Barack Obama summoned his National Security Council to the White House on July 4, 2013, the day after General Abdel Fattah al-Sisi had appeared on television to declare that the Egyptian people had called on him to “secure essential protection for the demands of the revolution,” and the military had encircled the presidential palace, with Egypt’s fifth president, Mohamed Morsi, in it. Obama had recently reminded journalists that opponents of the democratically elected Morsi should follow “legal, legitimate processes” to remove him. Now, to a surprised room, he announced that of course the United States could not call Morsi’s ouster a coup d’état.
Everyone else had come to the meeting prepared to argue over the application of the “coup law”: the statute that requires cutting off aid to any military that topples an elected government. Wouldn’t the White House risk its credibility if it did not call the coup what it was?, asked General Martin Dempsey, the chairman of the Joint Chiefs of Staff. Ben Rhodes, the president’s foreign-policy speechwriter, made the same case. But others around the table wanted to back Morsi’s ouster. Secretary of State John Kerry argued that Morsi’s removal was not, in fact, a coup. Sisi was bowing to the public will and acting to save Egypt, he asserted with passion. The loudest voice in the White House for human rights and democracy, Samantha Power, was absent, preparing for her confirmation as ambassador to the United Nations.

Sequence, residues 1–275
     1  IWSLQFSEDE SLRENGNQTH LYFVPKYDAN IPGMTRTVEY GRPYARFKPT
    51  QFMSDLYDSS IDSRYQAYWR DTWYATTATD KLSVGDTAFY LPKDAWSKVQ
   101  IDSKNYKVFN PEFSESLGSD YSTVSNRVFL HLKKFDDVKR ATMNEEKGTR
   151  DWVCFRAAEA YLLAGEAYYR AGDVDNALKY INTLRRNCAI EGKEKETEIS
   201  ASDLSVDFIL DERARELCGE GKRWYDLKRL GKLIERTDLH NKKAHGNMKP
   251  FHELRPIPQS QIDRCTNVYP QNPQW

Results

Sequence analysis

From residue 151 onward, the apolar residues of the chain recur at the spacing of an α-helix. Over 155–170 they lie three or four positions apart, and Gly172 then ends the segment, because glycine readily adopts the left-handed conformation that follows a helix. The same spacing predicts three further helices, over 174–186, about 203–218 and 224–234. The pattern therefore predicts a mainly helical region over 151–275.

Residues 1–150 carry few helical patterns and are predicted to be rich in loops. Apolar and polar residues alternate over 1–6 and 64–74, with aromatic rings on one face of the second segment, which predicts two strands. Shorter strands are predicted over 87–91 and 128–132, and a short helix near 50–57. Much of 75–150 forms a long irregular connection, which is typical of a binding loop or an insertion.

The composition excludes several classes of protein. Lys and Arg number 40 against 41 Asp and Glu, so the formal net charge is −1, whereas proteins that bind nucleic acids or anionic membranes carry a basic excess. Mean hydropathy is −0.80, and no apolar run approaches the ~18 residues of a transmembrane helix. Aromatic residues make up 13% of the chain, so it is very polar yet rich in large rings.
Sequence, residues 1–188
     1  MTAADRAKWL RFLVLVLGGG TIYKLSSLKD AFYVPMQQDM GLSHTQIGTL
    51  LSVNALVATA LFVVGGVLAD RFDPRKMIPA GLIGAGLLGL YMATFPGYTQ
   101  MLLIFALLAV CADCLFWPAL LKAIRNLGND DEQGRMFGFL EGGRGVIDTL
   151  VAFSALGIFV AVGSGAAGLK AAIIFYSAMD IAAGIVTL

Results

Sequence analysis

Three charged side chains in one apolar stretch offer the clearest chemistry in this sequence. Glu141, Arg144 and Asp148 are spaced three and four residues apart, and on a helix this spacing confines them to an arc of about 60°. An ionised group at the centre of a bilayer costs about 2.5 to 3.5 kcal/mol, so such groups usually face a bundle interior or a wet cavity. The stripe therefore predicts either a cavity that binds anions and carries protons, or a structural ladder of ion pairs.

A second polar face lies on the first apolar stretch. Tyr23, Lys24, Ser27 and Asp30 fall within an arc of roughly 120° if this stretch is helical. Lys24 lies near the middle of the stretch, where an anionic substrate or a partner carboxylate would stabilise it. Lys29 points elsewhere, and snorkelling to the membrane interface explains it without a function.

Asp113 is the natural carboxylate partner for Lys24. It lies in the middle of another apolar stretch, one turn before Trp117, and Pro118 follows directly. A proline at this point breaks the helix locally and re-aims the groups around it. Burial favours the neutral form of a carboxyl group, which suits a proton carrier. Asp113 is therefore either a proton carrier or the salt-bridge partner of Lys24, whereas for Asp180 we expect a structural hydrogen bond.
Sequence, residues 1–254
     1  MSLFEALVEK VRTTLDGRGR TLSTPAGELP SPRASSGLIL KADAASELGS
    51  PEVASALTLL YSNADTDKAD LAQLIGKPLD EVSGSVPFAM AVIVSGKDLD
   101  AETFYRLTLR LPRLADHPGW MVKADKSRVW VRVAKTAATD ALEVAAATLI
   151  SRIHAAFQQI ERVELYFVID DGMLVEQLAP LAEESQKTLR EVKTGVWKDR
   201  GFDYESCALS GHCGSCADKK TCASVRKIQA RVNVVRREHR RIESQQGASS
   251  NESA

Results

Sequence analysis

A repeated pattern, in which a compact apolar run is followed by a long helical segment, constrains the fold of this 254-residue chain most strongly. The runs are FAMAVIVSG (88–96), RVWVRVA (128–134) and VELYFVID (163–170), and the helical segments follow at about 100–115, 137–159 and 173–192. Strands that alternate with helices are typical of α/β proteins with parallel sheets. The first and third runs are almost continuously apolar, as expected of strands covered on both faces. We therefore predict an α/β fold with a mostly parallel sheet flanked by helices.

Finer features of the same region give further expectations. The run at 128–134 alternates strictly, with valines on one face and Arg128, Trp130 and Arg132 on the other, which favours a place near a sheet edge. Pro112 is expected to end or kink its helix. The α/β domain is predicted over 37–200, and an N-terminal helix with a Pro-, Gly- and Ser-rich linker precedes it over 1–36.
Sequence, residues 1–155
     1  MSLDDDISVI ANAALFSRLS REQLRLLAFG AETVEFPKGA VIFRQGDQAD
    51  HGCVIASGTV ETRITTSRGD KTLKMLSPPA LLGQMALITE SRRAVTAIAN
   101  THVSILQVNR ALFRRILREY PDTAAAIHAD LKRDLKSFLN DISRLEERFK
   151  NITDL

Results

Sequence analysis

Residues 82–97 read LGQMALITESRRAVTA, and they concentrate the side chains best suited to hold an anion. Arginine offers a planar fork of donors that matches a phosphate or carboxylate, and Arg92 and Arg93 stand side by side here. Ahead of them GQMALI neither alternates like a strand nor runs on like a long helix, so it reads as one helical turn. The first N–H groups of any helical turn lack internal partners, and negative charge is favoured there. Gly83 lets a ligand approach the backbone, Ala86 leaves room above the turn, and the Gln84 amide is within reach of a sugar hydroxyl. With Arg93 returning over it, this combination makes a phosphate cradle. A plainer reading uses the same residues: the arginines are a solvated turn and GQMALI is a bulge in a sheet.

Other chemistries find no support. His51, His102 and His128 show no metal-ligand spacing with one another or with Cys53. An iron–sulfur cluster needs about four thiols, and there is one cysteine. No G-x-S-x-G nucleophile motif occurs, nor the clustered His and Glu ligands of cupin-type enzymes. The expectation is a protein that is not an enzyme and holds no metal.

Obama decided not to decide. The administration made no determination about whether what happened on July 3 in Cairo was a military coup. Privately, some White House staff came to call Morsi’s ouster “the couplike event.”
—Adapted from Into the Hands of the Soldiers: Freedom and Chaos in Egypt and the Middle East, by David D. Kirkpatrick, published by Viking
This article appears in the September 2018 print edition with the headline “A Coup by Any Other Name.”
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